Lebanon News

Hezbollah claims drone flight in Israel

Hezbollah leader Sayyed Hasan Nasrallah waves to the crowd in Beirut, on Monday, Sept. 17, 2012. (The Daily Star/Hasan Shaaban)

EIRUT: Hezbollah leader Sayyed Hasan Nasrallah confirmed Thursday that the Lebanese resistance group was behind an Iranian-made drone that Israel shot down over the weekend and warned that the operation would not be the party’s last.

Nasrallah also denied his group was sending fighters to Syria to fight alongside President Bashar Assad, adding that Hezbollah would not hide its involvement if it decided to enter the battle.

“This [speech] is to announce that the Islamic resistance was responsible for the mission and this is the first time in the history of resistance movements that [a party] has demonstrated such aerial capability,” Nasrallah said in a televised speech on Al-Manar.

Israel said Saturday it shot down an Unmanned Aerial Vehicle that entered its airspace. Hours before Nasrallah’s speech Thursday, Israeli Prime Minister Benjamin Netanyahu said in a statement that Hezbollah was behind the drone operation and that the Jewish state would “defend its borders.”

Nasrallah said the drone, which “was manufactured in Iran but assembled by the resistance group,” was launched from Lebanon and violated Israeli space in which it conducted reconnaissance of “sensitive and important locations” before being shot down.

Nasrallah said the suspect Dimona nuclear facility in the Negev Desert was one of the sites that the drone, named “Ayyoub” in honor of a Hezbollah martyr (Hussein Ayyoub) who specialized in reconnaissance, flew over.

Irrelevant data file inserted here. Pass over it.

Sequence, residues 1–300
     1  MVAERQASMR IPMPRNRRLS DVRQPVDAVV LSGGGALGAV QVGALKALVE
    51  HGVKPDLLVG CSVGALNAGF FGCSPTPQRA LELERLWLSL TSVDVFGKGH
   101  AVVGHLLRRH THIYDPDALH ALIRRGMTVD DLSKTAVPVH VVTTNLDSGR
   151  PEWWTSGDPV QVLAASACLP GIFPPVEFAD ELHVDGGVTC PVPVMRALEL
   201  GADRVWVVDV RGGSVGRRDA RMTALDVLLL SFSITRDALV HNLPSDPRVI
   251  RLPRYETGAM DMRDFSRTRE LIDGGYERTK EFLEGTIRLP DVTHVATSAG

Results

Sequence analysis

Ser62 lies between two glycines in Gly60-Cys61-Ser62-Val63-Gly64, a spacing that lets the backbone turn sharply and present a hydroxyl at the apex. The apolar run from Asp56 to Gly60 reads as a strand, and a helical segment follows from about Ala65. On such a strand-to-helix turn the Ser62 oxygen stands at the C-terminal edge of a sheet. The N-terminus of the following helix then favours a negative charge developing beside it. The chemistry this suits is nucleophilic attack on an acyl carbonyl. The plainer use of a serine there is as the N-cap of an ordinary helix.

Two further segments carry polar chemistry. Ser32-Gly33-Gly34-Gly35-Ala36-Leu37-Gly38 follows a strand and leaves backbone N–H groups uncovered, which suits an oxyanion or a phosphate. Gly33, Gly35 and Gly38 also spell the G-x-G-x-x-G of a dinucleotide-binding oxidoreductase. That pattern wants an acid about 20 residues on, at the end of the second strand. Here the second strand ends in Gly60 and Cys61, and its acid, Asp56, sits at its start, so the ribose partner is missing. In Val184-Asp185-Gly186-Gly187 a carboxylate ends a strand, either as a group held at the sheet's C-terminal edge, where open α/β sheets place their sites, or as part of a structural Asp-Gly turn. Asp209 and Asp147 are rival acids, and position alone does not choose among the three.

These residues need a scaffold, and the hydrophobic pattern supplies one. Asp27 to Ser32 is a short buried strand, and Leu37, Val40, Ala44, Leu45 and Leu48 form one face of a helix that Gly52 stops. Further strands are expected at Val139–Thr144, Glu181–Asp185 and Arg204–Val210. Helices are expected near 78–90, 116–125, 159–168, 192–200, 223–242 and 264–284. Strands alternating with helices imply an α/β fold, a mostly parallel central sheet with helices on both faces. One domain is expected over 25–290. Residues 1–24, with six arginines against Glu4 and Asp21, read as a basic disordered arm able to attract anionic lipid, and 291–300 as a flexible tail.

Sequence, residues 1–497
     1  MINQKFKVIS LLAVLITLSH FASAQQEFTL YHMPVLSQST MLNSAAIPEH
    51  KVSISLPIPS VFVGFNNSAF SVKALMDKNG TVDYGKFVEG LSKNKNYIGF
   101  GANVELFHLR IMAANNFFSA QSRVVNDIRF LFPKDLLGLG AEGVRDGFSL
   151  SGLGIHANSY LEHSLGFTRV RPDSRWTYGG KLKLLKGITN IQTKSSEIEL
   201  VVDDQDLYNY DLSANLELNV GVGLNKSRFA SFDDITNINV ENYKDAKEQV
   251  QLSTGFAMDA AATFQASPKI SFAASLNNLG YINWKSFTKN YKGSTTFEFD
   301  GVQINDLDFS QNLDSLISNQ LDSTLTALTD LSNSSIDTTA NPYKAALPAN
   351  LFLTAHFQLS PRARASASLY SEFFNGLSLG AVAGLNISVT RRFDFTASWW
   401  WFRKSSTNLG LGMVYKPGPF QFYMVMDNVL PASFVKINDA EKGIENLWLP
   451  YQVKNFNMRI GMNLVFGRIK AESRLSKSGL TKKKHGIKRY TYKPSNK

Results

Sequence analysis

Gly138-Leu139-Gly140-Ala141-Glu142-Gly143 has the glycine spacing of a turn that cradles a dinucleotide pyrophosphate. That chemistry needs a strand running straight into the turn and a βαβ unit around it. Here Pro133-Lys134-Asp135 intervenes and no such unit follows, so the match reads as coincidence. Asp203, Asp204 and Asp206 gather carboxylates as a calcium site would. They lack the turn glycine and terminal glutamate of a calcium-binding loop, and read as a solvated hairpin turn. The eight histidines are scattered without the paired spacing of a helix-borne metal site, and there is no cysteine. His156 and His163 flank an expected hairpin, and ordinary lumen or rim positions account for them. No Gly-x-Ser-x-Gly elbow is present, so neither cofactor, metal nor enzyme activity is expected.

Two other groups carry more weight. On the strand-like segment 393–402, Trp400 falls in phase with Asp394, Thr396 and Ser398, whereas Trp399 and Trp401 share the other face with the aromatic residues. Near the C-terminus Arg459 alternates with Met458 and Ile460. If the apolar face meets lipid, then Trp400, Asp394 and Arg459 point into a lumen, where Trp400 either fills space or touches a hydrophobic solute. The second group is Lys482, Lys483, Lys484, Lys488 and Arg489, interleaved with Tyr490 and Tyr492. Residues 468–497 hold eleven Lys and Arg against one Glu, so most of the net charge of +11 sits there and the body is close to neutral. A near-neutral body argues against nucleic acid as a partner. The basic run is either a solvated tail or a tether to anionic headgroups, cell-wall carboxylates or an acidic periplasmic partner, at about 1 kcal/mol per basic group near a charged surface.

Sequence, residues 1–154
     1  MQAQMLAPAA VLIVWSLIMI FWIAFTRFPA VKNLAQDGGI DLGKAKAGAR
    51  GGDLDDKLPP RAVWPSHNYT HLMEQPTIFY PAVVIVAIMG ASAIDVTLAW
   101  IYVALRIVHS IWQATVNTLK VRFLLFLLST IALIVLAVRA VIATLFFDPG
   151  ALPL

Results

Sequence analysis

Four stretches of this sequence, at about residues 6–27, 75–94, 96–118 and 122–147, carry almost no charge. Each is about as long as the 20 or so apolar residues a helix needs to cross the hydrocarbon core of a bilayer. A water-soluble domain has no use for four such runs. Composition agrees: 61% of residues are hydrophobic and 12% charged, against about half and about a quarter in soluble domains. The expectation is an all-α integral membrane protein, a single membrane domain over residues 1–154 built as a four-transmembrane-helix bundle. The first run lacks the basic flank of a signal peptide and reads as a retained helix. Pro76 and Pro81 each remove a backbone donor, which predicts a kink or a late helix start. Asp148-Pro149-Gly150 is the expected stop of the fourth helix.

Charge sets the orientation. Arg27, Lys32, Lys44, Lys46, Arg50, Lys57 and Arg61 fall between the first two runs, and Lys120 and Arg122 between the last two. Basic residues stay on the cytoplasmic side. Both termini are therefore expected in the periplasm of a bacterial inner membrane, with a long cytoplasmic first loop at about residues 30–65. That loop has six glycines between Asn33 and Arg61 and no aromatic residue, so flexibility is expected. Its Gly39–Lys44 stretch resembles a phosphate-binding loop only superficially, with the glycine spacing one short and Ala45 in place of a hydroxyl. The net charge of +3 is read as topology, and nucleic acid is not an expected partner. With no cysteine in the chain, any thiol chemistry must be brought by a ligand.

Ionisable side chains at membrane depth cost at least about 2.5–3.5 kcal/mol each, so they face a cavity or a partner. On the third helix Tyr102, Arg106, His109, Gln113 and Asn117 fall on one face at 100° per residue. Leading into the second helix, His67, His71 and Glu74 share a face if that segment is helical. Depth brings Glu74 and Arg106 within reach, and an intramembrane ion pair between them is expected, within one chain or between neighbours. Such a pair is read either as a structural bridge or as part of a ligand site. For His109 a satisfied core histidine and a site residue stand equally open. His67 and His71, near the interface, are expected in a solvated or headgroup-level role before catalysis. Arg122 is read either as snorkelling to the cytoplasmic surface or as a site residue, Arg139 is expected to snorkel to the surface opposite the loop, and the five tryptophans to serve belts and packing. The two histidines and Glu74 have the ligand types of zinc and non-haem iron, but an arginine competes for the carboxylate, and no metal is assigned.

During a talk show following Nasrallah’s speech, Al-Manar TV broadcast animated footage detailing the drone’s flight path.

According to the footage, “Ayyoub” was launched from Lebanon and flew south over the Mediterranean Sea, avoiding detection by Israeli coastal radar before it reached the Gaza Strip.

From the Hamas-controlled territory, the drone proceeded to the Negev Desert before it was shot down by the Israeli air force. The aircraft traversed a total of 300 kilometers, the narrator of the program said.

The drone had a potential range of 1,000 kilometers and was in the air for approximately three hours. The UAV lacked a payload of armaments, but could be fitted with bombs.

According to Israeli officials, the drone was shot down Saturday over a forest near the occupied West Bank after it penetrated the Jewish state’s airspace by some 55 kilometers.

Describing the drone flight over Israel as the party’s “natural right,” Nasrallah said Hezbollah would send other UAVs at the time of its choosing.

“It is our natural right to dispatch reconnaissance planes to occupied Palestine [Israel] whenever we want. This was not the first time and it will not be the last,” he said, noting that the Jewish state had violated Lebanese airspace 20,864 times since the implementation of U.N. Security Council Resolution 1701.

The Israeli military has on one other occasion shot down a UAV belonging to the Lebanese group. In July 2006, a Hezbollah drone was downed by the Jewish state over its territorial waters. A year earlier, Hezbollah succeeded in flying a drone over parts of northern Israel.

The Hezbollah chief said that the weekend operation vividly demonstrated Hezbollah’s stealth tactics.